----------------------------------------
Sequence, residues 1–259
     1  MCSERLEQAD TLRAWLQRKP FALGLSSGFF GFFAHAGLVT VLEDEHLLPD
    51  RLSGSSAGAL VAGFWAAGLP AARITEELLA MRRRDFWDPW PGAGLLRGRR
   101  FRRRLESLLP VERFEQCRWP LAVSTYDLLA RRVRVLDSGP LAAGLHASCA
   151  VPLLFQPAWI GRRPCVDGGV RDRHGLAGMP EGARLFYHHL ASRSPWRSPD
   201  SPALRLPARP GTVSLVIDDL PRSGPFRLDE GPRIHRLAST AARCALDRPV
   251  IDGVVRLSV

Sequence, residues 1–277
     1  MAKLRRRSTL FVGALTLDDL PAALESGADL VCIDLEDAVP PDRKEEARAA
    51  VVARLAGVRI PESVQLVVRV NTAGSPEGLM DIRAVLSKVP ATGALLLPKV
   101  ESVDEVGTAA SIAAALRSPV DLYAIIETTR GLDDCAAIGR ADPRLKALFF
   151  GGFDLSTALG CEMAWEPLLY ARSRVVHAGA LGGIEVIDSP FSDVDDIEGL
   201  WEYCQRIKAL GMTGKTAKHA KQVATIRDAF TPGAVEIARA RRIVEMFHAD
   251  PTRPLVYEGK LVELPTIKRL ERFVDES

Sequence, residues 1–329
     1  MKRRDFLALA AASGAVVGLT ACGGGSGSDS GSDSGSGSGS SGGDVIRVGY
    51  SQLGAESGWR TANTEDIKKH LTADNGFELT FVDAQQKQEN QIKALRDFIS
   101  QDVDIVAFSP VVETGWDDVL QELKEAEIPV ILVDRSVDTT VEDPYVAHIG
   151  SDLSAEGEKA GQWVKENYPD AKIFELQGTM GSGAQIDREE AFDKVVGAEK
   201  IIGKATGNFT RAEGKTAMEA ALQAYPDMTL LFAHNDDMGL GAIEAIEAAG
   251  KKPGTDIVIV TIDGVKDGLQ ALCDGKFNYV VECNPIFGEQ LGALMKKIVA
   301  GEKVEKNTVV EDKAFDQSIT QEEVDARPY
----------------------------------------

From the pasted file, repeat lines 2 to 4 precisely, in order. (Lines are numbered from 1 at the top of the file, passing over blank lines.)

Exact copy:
     1  MCSERLEQAD TLRAWLQRKP FALGLSSGFF GFFAHAGLVT VLEDEHLLPD
    51  RLSGSSAGAL VAGFWAAGLP AARITEELLA MRRRDFWDPW PGAGLLRGRR
   101  FRRRLESLLP VERFEQCRWP LAVSTYDLLA RRVRVLDSGP LAAGLHASCA